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One place where developers are happy to work directly with investors and form a business relationship is in Los Angeles, where there are hundreds of spec builders who need capital prior to construction, Mr. Gold said. He noted that this is a very different investment model, one that likely appeals to a different type of investor, who’s more interested in forming a long-term relationship with a developer than managing and re-selling property, like the person buying early inventory.
“When you’re giving money to a developer, you’re going into business with that person, and it’s an immediate thing,” he said. “You’re putting money in, and when you sell the house, you’re either getting a return or not getting a return.”
These relationships often start via word of mouth, or when a business manager introduces a client who’s looking to diversify their portfolio to a developer. Before that developer can start building, they typically take out a loan for a portion of the cost and pay the balance in cash, some of which might come from this investor, or silent partner.
Once the project is complete and returns come in, the investor typically has a preferred return, where they get their money back before the developer takes a cut, and then they split the profit. In some cases, that might mean a 15% return on investment for a project that’s $3 million to $5 million in a neighborhood where there’s a natural market, or much more for a spec build that’s $30 million to $40 million, where there are more variables at play.
“Whether it’s commercial or it’s residential, if you find a guy that you’re having success with and you trust him, you’re not going to stop playing that hand if you’re intelligent,” Mr. Gold said.
The only downside of this type of arrangement is that if an investor trusts a specific developer who they’ve had luck working with in the past, there’s no guarantee that the returns will continue.
While these models are different, experts agree that they both come down to an investor’s desire for certainty, and knowing what to expect.
It’s why Witkoff is already hearing from past buyers chomping at the bit to purchase in their as-yet unreleased residential units in the new Edition Hotel & Residences project across the country in West Hollywood. While formal sales for the 20 Witkoff units are supposed to start in September, Ms. Witkoff anticipates they’ll offer some to friends and family a few weeks earlier.
As to why their buyers are so loyal, Ms. Witkoff said it’s straightforward. “Our buyers see a good return on their investment in prior developments, and can trust in the quality of our work,” she said. “We have a successful formula, and with each project, we take the design and amenities to a new level.”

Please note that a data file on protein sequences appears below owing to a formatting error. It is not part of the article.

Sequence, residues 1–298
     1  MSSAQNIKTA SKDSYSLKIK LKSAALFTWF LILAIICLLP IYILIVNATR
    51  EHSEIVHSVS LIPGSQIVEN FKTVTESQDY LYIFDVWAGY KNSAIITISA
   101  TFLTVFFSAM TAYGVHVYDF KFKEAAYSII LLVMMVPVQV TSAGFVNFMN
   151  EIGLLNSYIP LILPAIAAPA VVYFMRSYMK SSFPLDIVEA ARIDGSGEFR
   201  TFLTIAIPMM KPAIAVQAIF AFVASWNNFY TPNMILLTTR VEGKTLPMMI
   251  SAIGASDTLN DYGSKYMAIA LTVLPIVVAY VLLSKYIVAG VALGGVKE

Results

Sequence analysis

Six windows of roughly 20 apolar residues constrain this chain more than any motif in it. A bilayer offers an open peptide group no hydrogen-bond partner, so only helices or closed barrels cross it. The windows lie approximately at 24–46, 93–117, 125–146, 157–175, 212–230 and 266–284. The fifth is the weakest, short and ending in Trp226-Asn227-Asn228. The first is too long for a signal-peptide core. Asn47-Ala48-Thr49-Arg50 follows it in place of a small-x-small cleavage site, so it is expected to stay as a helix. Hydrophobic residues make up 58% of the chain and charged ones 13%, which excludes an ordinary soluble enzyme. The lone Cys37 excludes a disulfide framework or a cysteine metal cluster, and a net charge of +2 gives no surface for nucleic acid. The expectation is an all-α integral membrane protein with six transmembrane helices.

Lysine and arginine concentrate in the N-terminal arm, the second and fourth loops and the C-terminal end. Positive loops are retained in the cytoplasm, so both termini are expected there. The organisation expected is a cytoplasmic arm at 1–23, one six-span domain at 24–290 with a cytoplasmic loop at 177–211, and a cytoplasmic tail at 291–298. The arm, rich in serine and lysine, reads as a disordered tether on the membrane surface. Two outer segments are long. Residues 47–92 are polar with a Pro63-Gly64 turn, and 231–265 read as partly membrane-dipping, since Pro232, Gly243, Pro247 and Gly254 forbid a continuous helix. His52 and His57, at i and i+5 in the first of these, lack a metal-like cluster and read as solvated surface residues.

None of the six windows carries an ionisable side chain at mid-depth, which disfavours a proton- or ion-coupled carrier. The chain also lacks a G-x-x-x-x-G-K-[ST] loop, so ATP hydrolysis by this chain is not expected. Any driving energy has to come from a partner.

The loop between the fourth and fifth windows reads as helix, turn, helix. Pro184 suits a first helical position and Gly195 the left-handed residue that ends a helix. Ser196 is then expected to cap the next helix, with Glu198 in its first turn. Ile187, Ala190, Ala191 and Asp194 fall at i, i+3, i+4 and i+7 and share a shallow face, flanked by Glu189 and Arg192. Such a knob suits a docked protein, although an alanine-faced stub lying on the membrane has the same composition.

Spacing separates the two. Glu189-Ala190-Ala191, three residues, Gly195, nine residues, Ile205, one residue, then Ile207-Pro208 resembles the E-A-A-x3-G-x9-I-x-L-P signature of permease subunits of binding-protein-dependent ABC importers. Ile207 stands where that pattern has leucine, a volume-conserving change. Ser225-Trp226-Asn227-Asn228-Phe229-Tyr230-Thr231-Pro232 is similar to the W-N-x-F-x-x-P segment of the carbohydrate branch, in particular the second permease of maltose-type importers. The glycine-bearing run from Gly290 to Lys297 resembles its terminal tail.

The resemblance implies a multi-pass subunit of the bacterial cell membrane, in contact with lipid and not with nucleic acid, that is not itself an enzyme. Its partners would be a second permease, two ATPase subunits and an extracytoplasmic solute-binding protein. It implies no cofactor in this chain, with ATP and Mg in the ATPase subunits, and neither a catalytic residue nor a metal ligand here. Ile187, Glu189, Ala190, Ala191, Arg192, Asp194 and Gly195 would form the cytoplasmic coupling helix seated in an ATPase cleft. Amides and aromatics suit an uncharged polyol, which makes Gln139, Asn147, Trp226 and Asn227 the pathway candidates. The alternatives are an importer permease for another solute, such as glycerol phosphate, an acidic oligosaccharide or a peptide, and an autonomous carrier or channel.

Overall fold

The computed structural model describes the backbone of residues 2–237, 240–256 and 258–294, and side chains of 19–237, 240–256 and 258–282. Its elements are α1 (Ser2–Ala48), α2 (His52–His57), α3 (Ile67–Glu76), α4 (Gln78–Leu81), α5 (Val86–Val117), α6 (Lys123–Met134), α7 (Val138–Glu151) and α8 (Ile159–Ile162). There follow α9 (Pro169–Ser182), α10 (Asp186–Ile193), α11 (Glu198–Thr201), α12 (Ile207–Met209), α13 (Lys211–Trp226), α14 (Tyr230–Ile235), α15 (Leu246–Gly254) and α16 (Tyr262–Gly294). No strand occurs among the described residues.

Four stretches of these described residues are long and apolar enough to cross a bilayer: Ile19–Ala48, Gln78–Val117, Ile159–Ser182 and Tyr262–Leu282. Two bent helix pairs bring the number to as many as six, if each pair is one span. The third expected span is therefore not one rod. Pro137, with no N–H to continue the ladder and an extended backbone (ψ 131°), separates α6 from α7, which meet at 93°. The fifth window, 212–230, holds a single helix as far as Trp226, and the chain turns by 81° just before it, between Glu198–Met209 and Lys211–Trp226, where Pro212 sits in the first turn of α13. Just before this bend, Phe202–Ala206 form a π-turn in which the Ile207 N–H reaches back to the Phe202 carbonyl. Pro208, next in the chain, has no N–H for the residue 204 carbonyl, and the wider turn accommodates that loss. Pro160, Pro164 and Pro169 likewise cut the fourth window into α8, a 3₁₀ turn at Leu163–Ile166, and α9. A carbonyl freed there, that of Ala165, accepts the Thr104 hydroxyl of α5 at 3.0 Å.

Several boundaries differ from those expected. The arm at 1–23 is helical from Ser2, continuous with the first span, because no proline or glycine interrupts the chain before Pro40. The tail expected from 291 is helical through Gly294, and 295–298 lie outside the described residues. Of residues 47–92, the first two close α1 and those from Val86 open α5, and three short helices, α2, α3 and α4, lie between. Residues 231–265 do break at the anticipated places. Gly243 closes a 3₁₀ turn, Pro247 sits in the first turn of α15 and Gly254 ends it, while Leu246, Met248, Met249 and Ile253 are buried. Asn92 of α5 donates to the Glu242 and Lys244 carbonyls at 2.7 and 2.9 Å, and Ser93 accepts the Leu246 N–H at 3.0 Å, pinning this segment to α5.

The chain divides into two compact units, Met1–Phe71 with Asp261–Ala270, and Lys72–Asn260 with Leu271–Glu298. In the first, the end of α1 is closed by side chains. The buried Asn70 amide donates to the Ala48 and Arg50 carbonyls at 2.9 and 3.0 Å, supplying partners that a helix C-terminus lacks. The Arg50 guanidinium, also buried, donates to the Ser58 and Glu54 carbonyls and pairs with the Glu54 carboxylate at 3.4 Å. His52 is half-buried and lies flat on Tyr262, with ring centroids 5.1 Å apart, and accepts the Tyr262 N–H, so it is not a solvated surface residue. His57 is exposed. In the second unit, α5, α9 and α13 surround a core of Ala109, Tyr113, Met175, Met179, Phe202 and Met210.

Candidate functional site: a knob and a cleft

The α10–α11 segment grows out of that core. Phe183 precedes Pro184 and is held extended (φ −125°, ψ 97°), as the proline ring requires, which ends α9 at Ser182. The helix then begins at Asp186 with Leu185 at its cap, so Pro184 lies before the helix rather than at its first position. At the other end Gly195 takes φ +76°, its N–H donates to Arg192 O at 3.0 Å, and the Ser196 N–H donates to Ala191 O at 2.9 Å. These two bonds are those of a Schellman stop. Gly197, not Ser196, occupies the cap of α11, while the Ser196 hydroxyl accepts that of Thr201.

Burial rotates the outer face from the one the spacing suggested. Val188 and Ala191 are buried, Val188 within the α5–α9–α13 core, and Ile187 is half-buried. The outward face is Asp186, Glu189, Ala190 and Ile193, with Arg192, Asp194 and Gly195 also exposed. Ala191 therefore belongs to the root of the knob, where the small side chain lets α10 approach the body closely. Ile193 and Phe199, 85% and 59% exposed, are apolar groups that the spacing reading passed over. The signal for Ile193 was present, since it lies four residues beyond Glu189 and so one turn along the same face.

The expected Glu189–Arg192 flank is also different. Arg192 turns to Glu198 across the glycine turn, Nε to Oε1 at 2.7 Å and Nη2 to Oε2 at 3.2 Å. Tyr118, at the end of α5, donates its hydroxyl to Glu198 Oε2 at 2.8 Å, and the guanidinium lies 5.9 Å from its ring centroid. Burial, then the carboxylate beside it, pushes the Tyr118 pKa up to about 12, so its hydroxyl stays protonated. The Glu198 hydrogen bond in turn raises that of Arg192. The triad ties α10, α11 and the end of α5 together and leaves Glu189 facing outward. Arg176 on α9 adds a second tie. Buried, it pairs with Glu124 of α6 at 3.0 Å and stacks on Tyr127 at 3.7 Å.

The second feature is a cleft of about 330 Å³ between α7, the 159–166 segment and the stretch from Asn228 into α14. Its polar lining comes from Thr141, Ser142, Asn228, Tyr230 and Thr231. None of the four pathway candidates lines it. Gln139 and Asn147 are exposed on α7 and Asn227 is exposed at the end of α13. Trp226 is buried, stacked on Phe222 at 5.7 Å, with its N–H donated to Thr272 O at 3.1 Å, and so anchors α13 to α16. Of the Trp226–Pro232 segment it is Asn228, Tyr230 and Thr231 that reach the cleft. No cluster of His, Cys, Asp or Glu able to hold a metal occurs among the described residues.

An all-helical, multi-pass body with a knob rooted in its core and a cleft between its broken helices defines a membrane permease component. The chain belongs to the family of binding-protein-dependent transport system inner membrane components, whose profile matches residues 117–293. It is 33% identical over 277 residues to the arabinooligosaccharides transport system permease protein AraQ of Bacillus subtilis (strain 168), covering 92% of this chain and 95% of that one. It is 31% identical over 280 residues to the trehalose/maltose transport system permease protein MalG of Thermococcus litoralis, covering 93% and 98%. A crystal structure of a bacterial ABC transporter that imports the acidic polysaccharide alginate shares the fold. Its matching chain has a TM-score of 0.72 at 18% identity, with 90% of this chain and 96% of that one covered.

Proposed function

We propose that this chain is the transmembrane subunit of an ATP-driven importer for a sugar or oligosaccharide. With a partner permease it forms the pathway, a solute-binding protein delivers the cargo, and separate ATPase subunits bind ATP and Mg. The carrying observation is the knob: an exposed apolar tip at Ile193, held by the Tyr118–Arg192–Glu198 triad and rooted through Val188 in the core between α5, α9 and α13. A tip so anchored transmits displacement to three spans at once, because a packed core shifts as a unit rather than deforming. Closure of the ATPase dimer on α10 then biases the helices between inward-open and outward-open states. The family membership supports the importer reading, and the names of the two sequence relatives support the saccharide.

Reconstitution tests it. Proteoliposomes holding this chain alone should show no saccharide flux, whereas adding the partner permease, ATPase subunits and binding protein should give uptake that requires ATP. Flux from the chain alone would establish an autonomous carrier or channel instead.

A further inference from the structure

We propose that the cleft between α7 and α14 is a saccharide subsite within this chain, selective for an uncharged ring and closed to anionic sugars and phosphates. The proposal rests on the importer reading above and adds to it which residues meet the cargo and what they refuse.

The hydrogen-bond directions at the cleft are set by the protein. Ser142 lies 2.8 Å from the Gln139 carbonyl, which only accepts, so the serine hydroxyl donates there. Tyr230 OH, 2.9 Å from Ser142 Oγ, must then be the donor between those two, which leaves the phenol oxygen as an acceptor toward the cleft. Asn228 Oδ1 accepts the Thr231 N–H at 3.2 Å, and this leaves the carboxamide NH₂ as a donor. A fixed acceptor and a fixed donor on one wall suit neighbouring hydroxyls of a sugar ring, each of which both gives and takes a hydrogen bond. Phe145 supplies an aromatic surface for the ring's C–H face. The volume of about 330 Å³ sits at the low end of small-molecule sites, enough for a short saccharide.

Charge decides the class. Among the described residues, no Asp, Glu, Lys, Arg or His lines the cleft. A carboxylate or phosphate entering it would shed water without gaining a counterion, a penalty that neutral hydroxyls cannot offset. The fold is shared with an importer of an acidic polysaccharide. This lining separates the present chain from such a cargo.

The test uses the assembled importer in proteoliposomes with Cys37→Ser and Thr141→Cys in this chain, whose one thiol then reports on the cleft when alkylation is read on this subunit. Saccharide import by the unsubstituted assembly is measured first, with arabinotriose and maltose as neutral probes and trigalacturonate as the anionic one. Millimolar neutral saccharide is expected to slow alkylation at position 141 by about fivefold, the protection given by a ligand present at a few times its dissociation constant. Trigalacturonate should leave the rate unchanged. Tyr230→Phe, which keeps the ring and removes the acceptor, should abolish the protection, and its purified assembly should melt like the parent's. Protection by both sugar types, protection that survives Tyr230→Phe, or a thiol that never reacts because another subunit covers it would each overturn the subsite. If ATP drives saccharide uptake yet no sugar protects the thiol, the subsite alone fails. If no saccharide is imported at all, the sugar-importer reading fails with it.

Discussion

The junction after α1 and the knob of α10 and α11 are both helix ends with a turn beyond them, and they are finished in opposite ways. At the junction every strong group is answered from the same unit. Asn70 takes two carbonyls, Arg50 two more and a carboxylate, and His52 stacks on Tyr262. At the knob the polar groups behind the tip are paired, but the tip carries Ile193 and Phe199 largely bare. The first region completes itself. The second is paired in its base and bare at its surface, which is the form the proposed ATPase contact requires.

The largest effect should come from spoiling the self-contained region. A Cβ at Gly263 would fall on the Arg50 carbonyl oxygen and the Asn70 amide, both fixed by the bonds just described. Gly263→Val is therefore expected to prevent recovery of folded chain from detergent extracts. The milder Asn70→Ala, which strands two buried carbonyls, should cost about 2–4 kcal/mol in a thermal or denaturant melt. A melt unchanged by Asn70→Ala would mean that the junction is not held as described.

Here is a look at other news from around the world compiled by Mansion Global:
Transactions Slow, Sellers Chopping Prices in Beijing
Tight new government controls—including caps on mortgage lending, and an 80% down payment requirement—appear to have had their desired effect in Beijing, with transactions on the secondary market slowing dramatically, and numerous sellers dropping prices. Monthly sales transactions hit a 28-month low in June, according to agent 5i5j, and more than 80% of sellers were dropping prices, according to property agent Homelink, compared to three months prior, when 80% of sellers were raising prices. Similarly, a report from local property agent Maitian showed 60% of listings posted between March 17 and June 11 lowering prices, though only 5% offered discounts of more than 1 million yuan. (South China Morning Post)
Financial Secretary Calls Hong Kong’s Overheated Market a “Dangerous Situation”
Financial Secretary Paul Chan expressed concerns about Hong Kong’s property market in a recent interview, thanks in part to an expected rate hike from the U.S. Federal Reserve, which would significantly affect borrowing in the city, which is tied to U.S. monetary policy. “No one can tell how deep the adjustment will be or what is the appropriate level of adjustment,.” Mr. Chan said on Bloomberg Television. However, Mr. Chan also noted that the city’s strong financial system can weather a market correction, and that experts don’t expect anything near the area’s housing bubble burst of 1997. (Business Times)
Sprawling Coral Gables Waterfront Spec Home Hits Market for $14 million